Required 8.5m of water. This is Rance water tide levels, not the sea levels and is based on the filling and pulling out the plug on the Rance. This lock is opened and closed on demand and only operates during certain hours. It is quite a slow lock so leave plenty of time. See www.digimap.gg/marine/marinas/…
Immediately the other side of the Chatelier lock on the canal side is Lyvet marina. See www.digimap.gg/marine/marinas/…
Once through the Chatelier lock – you have all the time in the World as it is no longer tidal or affected by the pulling out of the plug at the barrage. See www.digimap.gg/marine/marinas/…
The journey times
The speed limit on the Rance is said to be 10 knots. We went on a ferry which stuck to 10 knots although a lot of boats do go a lot faster. There are no signs indicating a speed limit. Above Plouer, it is best to go slower in order not to cause too much disturbance of the banks and wildlife.
We checcked with the Harboumaster at Plouer and she said the speed limits are as follows:
5 knots when within 300m of land. Otherwise you should go the best speed to minimise your wash. Below St Suliac you can do any speed. So above Plouer on the way to Lyvet / Dinan. Most of the passage should be at 5 knots.
Barrage to Plouer – approx 1 hour
Barrage to the Chatelier lock is over an hour. Probably allow 1 hour 30 mins
Another reader of this website wrote me this great article
“Rather than going to the St Malo marinas, better though to go thru the Barrage as soon as poss and head up to Plouer or even drop anchor at St Suliac – there are lots of visitor buoys and there is a lovely restaurant on the small harbour there. It also does not dry out here. Then when the tide permits go on up to Le Chatelier and Dinan. Allow yourself a minimum of 2 hours before HW to make sure you have enough water.
The Rance barrage can be ‘fun’. Check the time of opening in the tide tables and get to the waiting area about half an hour before. If the tide is falling the speed at which the water is let out of the Rance thru the Barrage is amazing – around 8 to 10 knots. There are some holding buoys available but these are incredibly difficult to pick up as there are no ropes attached and in the tide is v scary. Better to drop anchor in the small bay alongside the lock which is out of the tide run or in the bay a mile or so away.
Be careful if you telephone them to find out the lock opening times. We tried this in June 2010 and got an English tape giving the times. However, it was not accurate which meant we got there 2 hours too early. They can and do change the opening times to suit conditions. The most accurate way to find out is when you get to the barrage there is a digital readout giving all of that days times.
They load the inward lock with sailing boats first as they have to lift the road bridge because of masts heights then smaller motor boats last as they can get under the bridge. They like to open the bridge for as short a time as possible. The lock is quite small and it can be a bit of a squeeze especially when its full of boats all bumping into each other – try to keep well away from them!!. It is also filthy dirty and there are not many hanging mooring ropes to hang onto under the bridge. What we do now in locks is to moor up the stern only and not bother with the bow. I keep the boat straight by giving the bow thruster a blip every now and then to keep the bow in. The barrage lock tends to push the stern outwards into the lock.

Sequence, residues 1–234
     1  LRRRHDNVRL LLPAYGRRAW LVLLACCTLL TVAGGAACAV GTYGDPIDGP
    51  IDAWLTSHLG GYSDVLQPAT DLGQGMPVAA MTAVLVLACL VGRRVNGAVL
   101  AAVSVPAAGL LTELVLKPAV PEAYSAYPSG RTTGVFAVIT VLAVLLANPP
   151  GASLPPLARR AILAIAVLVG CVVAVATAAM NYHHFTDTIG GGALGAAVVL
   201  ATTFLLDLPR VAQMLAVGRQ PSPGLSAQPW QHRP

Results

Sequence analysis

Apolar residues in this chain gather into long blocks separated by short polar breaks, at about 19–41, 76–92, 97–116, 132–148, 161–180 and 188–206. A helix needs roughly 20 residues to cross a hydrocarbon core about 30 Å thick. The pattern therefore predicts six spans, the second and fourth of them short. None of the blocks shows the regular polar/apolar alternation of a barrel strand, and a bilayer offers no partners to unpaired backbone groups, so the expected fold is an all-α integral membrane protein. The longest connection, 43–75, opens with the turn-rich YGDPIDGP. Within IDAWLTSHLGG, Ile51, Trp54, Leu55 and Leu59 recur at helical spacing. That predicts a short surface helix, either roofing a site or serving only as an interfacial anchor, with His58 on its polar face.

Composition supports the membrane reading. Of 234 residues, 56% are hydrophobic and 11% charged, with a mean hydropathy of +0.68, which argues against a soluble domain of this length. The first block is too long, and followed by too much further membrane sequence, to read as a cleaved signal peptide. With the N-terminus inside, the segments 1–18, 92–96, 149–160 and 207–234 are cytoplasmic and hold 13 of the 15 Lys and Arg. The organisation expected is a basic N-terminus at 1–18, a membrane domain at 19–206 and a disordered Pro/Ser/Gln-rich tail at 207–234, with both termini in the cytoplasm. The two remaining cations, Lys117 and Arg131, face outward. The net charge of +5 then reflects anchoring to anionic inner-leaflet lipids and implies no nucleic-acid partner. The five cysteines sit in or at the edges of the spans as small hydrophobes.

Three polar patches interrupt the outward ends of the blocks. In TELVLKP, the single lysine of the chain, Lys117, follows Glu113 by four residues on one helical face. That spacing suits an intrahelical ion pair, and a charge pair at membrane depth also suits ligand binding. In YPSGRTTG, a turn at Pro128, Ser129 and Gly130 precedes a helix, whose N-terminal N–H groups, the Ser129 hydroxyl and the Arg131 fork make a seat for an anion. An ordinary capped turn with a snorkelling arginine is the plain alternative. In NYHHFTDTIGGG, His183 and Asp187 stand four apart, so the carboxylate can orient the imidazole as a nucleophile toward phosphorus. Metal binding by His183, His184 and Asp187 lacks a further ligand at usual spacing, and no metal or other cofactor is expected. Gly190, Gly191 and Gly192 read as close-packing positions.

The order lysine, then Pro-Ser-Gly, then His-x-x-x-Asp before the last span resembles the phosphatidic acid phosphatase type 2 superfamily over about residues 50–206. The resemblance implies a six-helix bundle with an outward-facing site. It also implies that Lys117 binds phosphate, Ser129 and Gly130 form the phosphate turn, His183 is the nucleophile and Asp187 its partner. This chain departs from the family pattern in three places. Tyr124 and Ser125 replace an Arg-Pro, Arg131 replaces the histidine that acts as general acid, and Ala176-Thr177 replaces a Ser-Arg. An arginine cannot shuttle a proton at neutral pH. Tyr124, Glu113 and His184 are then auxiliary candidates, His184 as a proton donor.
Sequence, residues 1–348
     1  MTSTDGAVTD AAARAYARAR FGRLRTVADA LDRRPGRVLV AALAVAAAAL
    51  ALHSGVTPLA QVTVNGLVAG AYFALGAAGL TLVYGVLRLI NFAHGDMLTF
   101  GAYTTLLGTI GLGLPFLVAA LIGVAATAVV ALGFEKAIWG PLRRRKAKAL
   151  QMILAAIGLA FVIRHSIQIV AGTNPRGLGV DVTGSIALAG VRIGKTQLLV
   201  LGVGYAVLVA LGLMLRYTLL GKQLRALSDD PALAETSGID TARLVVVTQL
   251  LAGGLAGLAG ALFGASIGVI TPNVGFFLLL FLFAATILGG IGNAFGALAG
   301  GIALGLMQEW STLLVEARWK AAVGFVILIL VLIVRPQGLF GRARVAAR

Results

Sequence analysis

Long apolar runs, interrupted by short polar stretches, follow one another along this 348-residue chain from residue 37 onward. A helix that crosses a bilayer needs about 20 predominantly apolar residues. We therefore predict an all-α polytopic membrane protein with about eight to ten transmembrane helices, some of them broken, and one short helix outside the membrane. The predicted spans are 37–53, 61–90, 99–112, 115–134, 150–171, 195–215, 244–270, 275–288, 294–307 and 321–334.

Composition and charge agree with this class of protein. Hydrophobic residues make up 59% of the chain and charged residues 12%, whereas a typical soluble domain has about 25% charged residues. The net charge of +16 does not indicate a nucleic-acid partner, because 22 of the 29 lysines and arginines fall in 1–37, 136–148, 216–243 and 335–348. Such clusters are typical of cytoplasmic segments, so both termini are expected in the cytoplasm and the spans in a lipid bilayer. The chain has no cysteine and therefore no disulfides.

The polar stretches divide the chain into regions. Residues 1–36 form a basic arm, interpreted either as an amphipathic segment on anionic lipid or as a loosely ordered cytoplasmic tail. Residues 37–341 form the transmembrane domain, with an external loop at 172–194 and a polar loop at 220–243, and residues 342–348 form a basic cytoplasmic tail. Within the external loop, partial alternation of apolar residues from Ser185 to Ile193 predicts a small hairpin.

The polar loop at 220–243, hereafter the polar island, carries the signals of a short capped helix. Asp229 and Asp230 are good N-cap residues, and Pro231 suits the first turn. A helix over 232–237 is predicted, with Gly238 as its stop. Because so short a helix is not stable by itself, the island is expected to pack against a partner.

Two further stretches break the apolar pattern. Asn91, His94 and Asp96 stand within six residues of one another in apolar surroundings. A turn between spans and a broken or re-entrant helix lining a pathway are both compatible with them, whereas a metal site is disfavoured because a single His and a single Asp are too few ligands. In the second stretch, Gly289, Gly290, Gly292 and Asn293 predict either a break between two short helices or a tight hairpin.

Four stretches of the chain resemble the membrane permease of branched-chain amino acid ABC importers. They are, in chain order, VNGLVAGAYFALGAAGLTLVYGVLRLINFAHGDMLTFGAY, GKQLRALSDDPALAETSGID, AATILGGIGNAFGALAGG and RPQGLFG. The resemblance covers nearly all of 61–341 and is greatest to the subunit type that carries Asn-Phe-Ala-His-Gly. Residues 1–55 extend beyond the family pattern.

To get thru takes about 15/20 mins. Coming back out is the same in reverse but is a bit easier to wait for the lock to open with better and easier waiting areas. Once through make sure you have plenty of water and only go up on a rising tide. It is incredible how fast the water empties from the river – you can actually watch it drop! If you’re going up to Le Chatelier again at or just before high water is ideal. Once past Plouer the river can get very narrow. It is absolutely essential to follow the buoyed passage. Some of them look totally wrong but they aren’t! There is only a very narrow channel. When you look at the river from Le Chatelier lock wall at low water you will see how narrow it is.
Le Chatelier lock times are also in the tide tables. But they will open on demand especially when they are quiet. I have tried to radio in the past but never get a reply. There is a small holding pool just in front of the lock but no buoys. I normally give a toot so they know I’m there because you’re never sure if the lock keeper is in her office or not.
The most important thing about the Rance is to make sure you have plenty of water – the times we have been we have always hit the bottom at some point!! Fortunately, all mud so no damage but your outdrives will never be as clean again!”
Interesting blog – especially for sailing boats sarahjaneodyssey.blogspot.com/…
The RYA have advised us that the inland waterways and therefore the requirement for CEVNI is deemed to be as follows:
the inland waterway limits for French Maritime registration. For the Canal de Caen à la mer the limit is ” Pont de l’écluse de l’Orne” and for the Rance, the limit is “Vieux Pont de Dinan”.
Buses – see www.breizhgo.com/en/
Restaurant – www.tripadvisor.com/Restaurant…
2018 – further up river above Dinan – up at Evran they were working along the quay putting in new water points and electric points so that people will not have to run cables to the toilet block in future